Environment Secretary Andrea Leadsom said: “Everyone who owns a pet or is looking to introduce one into their life will want to know that the animal has the very best start to life. Yet for thousands of puppies born each year to irresponsible breeders, from smaller operations to larger puppy farms, their first weeks are spent in cramped and squalid conditions without the care and attention they need. That is why we are cracking down on the worst offenders by strengthening the dog breeding licence and giving councils the power they need to take action.

Gudrun Ravetz, President of the British Veterinary Association, said “This is a significant step in the right direction to improve the welfare of puppies and dogs in the UK, an issue our members are extremely concerned about as increasing numbers of poorly bred puppies are brought into veterinary practices.

“Poorly bred and badly socialised puppies cause terrible health and welfare problems for dogs so it is right that Defra has made irresponsible dog breeding a priority. We particularly welcome the move to make the sale of a puppy under eight weeks illegal, the reduction in the number of litters bred requiring a formal breeder’s licence, and the moves towards a single animal activities licence. In the future we would also like to see that anyone breeding from a dog should be required to register with their local authority.

“For these new measures to work in practice local authorities must have the necessary resources and support to fully enforce the legislation, supported by local veterinary expertise.

“We hope the new legislation will encourage owners to stop and think about where they’re getting their puppies from to tackle irresponsible breeding both at home and abroad. Prospective owners should do their homework.”

The Kennel Club and Dogs Trust have also welcomed the announcement.

Dogs Trust Veterinary Director, Paula Boyden said; “As the UK’s largest welfare charity, Dogs Trust welcomes the Government’s review of animal establishments licensing in England and the range of measures it sets out.

“We are particularly pleased that it will be illegal to sell a puppy below the age of 8 weeks and that there will be tighter licensing rules which will require sellers of pets to display their licence when advertising. We also applaud the move towards a risk based single licensing system which will incorporate those breeders that have gained UKAS approval rather than exempting them.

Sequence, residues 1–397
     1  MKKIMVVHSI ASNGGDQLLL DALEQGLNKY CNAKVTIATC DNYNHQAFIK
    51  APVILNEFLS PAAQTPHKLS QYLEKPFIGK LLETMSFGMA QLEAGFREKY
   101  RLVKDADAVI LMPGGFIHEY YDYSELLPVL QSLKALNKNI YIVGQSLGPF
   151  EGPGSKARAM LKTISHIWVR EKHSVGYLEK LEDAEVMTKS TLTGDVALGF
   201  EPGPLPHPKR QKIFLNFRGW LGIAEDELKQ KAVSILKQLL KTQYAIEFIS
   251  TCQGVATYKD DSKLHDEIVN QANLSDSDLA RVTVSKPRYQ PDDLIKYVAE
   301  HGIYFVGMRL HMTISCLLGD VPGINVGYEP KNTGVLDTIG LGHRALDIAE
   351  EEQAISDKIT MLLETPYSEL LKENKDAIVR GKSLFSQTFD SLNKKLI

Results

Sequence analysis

We believe that Local Authority Inspectors need support to enforce these tighter licensing rules. As such, moves to mandate the use of Model Conditions and for inspectors to be offered training and standards to be set is most welcome.”

Vehicle Tracking Equipment – Part 2

In-Vehicle Monitoring Equipment (Telematics)

Until recently, in-vehicle monitoring equipment required a telematics device, sometimes called a black box to be retrofitted in vehicles, which was expensive due to the cost of the physical device and fitting it into the vehicle, however costs were often off-set with local vehicle insurance premiums, and was also seen as way for large transport companies to be able to get insurance that covered young drivers, or higher risk drivers, because of past offences, age or health conditions, and controlling who to blame culture.

Recently we have seen Smartphone App developments, which monitoring technology is provided as an app on a smartphone , which also helped to reduce cost because it does not require a physical device to be installed in a vehicle. As well as delivering the telematics software, apps can also deliver the feedback about the driving recorded by the software.

However, delivering the telematics function with an app requires the phone to be switched on while the vehicle is being driven, which may tempt some drivers to use it for other purposes while driving. The risk can be mitigated by making it clear to the driver that they should not use the phone while driving and making sure they understand that the monitoring technology will detect if they do so, and report this to the insurer. A driver may choose not to take the phone with them on journeys where they feel their driving may be a lower standard than normal, or to switch it on when they are being carried as a passenger in a vehicle driving by someone else, so the app would record the other person’s driving.


Continue reading “Vehicle Tracking Equipment – Part 2”

Vehicle Tracking Equipment – Part 1

Vehicle engineering has seen significant advances in the past 30 years, with the introduction of improved safety measures such as

  • seat belts
  • airbags
  • anti-lock braking systems (ABS)
  • electronic stability control (ESC)
  • independent vehicle safety testing

Vehicle manufacturers have also invested heavily in the research and development of technology that

  • helps a driver to avoid collision
  • protects the occupants of a vehicle as much as possible in the event of a collision.

More pressure has been put onto Companies, to improve driving, and more detailed reports regarding eco-driving. A lot of companies do have monitoring equipment in vehicles, recording driving behaviours, which may or may not used to your benefit. We also recommend to read about Eco-Driving before reading this article, and more importantly get yourself on one of our Driver CPC courses, where we can teach you to be more efficient, and improve your driving skills, performance, etc

Have you noticed whether the technology in your vehicle has led to a change in the way you drive? Do you feel safer and therefore take more risks?

Do you drive differently in new vehicles that you know have state-of-the-art safety systems and gadgets?

Continue reading “Vehicle Tracking Equipment – Part 1”